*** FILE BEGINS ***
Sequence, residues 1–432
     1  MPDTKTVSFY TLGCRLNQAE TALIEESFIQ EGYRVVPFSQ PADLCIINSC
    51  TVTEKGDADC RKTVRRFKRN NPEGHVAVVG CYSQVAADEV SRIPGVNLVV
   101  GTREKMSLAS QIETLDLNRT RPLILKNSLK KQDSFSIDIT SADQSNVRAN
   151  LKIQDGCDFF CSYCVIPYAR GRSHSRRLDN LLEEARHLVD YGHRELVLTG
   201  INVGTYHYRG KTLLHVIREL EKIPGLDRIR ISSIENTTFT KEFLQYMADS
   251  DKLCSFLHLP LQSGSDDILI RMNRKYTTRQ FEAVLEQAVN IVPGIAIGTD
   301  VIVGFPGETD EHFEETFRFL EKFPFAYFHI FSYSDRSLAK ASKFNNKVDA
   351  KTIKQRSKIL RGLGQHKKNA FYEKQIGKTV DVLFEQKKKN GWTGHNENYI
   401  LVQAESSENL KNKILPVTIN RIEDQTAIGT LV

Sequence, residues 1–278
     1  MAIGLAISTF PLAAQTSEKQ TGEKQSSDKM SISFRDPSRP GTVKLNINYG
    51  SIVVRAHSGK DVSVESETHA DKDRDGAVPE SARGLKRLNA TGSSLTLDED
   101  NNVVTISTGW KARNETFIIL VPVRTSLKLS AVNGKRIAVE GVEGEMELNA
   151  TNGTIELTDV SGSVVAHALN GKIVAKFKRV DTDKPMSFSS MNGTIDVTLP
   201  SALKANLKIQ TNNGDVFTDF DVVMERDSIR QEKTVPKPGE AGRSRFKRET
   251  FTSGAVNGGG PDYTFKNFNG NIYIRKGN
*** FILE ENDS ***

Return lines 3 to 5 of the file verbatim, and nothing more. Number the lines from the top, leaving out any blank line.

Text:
    51  TVTEKGDADC RKTVRRFKRN NPEGHVAVVG CYSQVAADEV SRIPGVNLVV
   101  GTREKMSLAS QIETLDLNRT RPLILKNSLK KQDSFSIDIT SADQSNVRAN
   151  LKIQDGCDFF CSYCVIPYAR GRSHSRRLDN LLEEARHLVD YGHRELVLTG